KANSAS CITY/WASHINGTON, Jan 27 (Reuters) - The U.S. agriculture officials on Thursday said U.S. farmers could proceed with planting genetically altered alfalfa without the restrictions opponents say are needed to protect conventional and organic farm fields from contamination.
The U.S. Department of Agriculture said the decision was made after analysis of various economic and environmental factors, and allows GMO farmers to get their crop in the ground this spring.
Vilsack said the decision applies only to the biotech alfalfa, known as Roundup Ready, because it was engineered by Monsanto (MON.N) to withstand treatments of Monsanto’s Roundup herbicide.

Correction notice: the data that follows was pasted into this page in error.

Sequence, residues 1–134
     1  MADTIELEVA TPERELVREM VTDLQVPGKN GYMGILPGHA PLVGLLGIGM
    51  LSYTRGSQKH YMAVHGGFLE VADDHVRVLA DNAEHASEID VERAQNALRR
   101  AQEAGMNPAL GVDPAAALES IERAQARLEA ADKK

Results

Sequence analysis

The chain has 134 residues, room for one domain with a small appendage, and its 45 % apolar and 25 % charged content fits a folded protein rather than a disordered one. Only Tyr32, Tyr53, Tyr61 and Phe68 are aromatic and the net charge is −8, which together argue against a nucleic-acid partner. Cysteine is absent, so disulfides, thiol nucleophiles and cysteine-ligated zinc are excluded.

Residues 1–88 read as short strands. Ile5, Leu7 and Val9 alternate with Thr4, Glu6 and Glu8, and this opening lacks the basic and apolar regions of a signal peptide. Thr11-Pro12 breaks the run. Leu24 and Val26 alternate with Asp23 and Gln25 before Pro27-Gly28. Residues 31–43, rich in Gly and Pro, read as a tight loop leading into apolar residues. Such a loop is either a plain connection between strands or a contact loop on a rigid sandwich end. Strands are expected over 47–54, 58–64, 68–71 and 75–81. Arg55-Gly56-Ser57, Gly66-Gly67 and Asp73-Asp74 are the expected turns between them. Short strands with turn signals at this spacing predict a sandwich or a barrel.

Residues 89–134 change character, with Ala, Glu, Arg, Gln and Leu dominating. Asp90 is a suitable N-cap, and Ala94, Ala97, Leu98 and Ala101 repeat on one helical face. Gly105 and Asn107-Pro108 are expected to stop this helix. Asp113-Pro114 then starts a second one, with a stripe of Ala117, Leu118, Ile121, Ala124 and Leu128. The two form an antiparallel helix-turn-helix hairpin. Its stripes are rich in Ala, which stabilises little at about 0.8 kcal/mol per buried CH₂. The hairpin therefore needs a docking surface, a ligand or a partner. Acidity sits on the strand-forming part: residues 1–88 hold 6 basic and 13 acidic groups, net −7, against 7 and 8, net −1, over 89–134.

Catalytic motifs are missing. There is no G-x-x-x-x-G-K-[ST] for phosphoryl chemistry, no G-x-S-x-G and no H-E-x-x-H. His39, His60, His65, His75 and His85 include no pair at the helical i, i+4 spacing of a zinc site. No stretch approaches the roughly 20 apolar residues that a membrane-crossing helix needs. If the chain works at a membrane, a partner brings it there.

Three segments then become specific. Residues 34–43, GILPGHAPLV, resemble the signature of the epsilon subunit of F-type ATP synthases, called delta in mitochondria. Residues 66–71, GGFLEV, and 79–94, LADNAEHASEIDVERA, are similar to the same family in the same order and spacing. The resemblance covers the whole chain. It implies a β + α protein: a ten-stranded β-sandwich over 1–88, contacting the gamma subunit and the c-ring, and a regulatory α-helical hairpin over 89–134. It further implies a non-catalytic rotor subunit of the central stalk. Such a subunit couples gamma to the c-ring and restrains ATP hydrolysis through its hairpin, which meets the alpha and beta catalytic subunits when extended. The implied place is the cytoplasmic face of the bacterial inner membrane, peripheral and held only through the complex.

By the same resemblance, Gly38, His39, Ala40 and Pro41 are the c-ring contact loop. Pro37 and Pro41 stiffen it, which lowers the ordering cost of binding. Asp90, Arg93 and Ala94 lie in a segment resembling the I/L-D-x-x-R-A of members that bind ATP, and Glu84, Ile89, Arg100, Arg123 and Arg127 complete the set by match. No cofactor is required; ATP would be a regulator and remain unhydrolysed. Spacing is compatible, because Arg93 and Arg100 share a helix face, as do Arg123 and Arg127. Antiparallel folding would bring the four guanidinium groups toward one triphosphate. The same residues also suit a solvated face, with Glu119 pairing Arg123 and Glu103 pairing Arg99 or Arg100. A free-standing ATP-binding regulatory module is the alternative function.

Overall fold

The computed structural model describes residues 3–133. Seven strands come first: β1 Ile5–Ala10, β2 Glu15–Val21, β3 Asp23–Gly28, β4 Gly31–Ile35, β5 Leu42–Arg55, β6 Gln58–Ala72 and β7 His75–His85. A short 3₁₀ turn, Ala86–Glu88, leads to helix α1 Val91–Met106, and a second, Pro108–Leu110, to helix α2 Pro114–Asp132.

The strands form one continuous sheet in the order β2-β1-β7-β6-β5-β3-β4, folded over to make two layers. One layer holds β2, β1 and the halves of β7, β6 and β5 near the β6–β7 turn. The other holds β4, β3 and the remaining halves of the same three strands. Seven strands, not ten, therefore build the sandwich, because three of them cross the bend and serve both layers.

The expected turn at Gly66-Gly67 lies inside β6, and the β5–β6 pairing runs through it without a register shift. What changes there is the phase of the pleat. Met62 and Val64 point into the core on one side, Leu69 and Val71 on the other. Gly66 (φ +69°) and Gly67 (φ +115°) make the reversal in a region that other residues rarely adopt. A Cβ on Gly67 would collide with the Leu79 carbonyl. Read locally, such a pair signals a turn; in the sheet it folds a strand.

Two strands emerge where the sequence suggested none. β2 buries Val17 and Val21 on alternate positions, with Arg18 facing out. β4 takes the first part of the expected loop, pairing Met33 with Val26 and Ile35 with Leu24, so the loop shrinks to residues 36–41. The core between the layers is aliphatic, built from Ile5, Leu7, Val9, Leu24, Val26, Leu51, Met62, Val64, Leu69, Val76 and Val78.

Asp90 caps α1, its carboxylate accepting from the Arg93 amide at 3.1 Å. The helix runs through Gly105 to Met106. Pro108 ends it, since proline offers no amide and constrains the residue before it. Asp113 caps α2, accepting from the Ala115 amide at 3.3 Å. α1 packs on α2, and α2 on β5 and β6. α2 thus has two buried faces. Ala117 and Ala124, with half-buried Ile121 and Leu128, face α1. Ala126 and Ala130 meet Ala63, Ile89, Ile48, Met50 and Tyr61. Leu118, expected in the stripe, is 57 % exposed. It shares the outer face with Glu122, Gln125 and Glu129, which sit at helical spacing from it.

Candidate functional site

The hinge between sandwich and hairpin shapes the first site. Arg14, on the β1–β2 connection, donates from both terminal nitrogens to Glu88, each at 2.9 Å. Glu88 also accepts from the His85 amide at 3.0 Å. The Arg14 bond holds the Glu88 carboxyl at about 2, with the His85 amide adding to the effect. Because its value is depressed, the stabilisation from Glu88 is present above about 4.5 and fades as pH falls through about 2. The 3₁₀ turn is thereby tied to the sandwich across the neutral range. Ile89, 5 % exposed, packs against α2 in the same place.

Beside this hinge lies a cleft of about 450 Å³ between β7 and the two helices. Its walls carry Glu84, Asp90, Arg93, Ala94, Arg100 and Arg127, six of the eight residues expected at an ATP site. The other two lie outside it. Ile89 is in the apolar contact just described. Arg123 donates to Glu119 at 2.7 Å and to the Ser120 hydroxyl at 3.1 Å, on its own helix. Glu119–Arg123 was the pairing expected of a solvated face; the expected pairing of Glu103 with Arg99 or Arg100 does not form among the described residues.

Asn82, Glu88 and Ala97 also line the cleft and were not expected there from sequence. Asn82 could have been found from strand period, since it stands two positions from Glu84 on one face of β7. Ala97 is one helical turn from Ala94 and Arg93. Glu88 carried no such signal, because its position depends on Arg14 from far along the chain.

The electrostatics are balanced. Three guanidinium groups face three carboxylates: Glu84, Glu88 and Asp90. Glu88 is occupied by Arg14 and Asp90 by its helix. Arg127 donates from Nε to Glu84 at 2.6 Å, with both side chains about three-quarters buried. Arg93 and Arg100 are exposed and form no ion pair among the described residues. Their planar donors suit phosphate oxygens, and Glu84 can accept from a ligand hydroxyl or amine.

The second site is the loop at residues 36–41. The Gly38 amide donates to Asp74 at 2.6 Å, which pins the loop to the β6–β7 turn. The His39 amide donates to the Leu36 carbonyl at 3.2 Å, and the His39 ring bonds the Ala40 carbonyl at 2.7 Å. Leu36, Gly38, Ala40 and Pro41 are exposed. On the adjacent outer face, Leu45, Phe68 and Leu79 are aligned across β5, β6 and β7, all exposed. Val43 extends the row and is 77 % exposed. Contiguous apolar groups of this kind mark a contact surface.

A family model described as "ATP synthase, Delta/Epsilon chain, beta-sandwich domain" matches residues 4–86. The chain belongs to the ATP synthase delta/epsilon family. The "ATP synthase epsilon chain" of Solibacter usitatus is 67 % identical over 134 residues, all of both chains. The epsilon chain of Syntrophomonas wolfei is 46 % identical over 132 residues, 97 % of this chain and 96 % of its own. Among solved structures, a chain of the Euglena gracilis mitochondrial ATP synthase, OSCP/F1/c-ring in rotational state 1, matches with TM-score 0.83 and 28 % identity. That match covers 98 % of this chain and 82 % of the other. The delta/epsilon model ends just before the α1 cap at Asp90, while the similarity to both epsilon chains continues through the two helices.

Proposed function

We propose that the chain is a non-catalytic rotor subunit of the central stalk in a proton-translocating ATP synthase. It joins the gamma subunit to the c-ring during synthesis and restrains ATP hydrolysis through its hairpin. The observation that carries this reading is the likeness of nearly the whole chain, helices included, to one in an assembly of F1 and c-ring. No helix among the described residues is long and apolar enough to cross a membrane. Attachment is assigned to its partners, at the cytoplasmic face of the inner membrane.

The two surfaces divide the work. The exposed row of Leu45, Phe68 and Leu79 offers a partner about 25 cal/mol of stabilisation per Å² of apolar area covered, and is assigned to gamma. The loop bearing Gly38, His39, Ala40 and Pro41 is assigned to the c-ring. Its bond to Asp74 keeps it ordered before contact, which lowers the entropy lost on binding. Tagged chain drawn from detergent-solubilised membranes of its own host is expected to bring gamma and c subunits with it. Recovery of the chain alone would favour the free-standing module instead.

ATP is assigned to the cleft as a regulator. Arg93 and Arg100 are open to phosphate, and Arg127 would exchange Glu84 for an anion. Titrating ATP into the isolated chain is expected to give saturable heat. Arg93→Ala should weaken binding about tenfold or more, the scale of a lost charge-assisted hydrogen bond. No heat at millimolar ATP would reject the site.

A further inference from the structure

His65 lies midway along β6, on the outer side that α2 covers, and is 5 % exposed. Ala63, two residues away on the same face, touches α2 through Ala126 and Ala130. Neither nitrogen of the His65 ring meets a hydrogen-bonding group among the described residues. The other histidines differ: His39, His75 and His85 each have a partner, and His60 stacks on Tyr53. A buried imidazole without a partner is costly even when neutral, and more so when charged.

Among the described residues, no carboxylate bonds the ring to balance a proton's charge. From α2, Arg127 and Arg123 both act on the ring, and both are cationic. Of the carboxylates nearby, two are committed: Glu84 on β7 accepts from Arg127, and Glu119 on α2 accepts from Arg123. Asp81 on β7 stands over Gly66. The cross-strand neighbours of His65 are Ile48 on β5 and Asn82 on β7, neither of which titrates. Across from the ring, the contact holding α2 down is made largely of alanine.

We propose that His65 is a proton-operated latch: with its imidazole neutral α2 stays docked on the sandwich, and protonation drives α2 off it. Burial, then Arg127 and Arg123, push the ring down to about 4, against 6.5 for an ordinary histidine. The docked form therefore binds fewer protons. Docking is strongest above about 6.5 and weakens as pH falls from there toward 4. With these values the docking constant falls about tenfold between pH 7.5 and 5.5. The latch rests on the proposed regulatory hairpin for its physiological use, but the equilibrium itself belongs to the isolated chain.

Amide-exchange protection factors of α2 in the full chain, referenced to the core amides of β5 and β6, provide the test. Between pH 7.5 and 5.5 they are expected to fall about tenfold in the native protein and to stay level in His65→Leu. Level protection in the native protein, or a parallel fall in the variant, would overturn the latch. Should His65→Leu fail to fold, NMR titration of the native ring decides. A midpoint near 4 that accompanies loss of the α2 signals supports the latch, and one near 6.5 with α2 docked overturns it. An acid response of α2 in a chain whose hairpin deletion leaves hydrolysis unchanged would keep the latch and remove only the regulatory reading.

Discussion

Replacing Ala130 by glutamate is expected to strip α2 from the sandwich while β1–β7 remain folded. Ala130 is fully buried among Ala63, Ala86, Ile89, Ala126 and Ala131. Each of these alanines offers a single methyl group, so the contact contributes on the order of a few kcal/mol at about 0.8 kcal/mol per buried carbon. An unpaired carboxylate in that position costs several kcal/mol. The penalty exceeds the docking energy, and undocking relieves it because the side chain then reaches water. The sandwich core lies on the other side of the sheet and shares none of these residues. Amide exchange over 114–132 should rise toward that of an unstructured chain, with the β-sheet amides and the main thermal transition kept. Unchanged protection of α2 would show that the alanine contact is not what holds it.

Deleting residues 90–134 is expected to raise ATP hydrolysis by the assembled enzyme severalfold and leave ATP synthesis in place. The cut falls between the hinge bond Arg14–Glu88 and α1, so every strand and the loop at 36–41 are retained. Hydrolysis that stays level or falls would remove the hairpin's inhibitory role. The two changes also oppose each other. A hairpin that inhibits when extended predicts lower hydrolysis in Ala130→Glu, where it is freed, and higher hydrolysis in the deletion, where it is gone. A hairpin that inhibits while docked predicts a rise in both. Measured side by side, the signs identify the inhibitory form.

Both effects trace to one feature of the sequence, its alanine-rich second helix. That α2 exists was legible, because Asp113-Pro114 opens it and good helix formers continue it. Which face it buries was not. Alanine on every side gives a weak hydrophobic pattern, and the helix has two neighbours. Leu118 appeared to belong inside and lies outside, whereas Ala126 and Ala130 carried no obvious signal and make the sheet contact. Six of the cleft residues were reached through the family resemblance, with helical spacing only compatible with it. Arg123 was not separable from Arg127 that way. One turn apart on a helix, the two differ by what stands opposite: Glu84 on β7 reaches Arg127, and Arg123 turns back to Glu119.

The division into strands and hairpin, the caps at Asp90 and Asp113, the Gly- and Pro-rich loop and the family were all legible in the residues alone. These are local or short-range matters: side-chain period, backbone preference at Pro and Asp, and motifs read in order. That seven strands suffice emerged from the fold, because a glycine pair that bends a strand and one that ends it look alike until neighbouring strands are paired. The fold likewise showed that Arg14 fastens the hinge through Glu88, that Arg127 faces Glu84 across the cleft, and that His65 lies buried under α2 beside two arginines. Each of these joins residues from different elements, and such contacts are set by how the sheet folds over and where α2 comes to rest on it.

The department is facing similar questions about biotech sugar beets, and an announcement regarding that crop is expected next week, Vilsack said. (Reporting by Carey Gillam in Kansas City and Chuck Abbott in Washington; Editing by Neil Stempleman)